Peanut Allergy

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Published:  December 4, 2023

Peanut allergy is one of the most common food allergies in children, affecting up to 2% of children in the United States. Reactions can be severe, and the allergy usually persists into adulthood. There is exciting news – because of the LEAP study, we now know ways to reduce the risk of developing peanut allergy, and there is a new treatment and one in development for patients who already have a peanut allergy.

What are symptoms of peanut allergy?

  • Reactions can range from mild (itching or hives) to severe (swelling, vomiting, trouble breathing, anaphylaxis).
  • A reaction can occur with the first known ingestion of peanut in up to 75% of patients with peanut allergy.
  • Up to 20% of children will outgrow their peanut allergy.

What are risk factors for the development of peanut allergy?

  • Severe eczema
  • Egg allergy
  • Personal or family history of allergic disease
  • Delayed introduction of peanut into the diet

How do you diagnose peanut allergy?

  • Skin prick testing – this is done in our office
  • Bloodwork

What is the current management of peanut allergy?

  • Avoidance of peanuts.
  • Read food labels – by law, peanut must be listed in food ingredient labels if present.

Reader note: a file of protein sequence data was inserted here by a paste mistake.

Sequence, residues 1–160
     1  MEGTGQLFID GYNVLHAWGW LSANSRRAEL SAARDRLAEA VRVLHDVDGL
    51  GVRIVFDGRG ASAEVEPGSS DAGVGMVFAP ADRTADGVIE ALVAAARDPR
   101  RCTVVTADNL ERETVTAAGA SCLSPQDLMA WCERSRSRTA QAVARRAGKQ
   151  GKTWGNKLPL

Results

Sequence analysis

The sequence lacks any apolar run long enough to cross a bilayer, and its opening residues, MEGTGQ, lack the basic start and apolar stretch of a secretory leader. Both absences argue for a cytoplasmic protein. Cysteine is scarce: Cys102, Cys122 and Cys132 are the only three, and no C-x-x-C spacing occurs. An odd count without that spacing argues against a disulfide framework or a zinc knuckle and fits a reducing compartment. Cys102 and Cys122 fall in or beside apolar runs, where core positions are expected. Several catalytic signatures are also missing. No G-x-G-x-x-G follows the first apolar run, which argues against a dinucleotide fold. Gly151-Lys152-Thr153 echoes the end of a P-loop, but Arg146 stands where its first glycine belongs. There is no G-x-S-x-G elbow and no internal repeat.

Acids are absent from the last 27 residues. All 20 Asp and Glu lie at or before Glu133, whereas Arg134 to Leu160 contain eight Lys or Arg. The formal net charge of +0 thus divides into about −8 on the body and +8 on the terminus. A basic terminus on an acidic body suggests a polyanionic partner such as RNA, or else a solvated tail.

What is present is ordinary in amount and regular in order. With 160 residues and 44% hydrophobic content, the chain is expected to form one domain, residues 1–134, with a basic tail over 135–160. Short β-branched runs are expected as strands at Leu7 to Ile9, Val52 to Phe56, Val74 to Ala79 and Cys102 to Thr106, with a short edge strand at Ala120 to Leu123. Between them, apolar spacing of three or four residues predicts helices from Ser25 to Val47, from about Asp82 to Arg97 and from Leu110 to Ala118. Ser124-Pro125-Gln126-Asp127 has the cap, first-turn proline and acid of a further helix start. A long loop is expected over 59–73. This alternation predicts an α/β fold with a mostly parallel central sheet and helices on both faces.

• Food allergy action plan.
  • All patients should carry an epinephrine auto-injector.
  • Re-test every 1-2 years to monitor for resolution of peanut allergy. If testing is negative, patients will undergo an oral food challenge in the office.

What is the LEAP study and how can we prevent the development of peanut allergy?

The LEAP study or “Learning Early about Peanut Allergy” was published in 2015 and was the first randomized trial to show a benefit of early introduction of a food allergen. Patients who received earlier introduction of peanut into their diet had a decreased risk of developing peanut allergy. Based on the LEAP study, we now recommend the following:

  • Patients with moderate to severe eczema or known food allergy – skin prick test to peanut allergy in our office before age 6 months. If testing negative, introduce peanut. If positive, will consider an office challenge vs peanut avoidance based on the size of the positive result.
  • Patients with mild to moderate eczema – consider testing vs introducing at home.
  • Patients without eczema or food allergy – introduce peanuts after four months old if developmentally ready.

What are the potential new treatments for peanut allergy?

Two new treatments work to “desensitize” patients to peanuts. Palforzia is currently approved by the FDA and is given as oral immunotherapy. It is approved for patients age 4-17 with a known peanut allergy. Palforzia is purified peanut protein powder that comes in a capsule. Dose advances are given every two weeks. Every two weeks, the increased dose will be given in the office, and then patients must take a dose daily at home. There is a risk of side effects, but Palforzia has been shown to reduce the severity of allergic reactions that occur when exposed to peanuts. A “peanut patch” is also in development and will work via an epicutaneous route.

If you have questions about peanut allergy, please call our office or schedule an appointment online.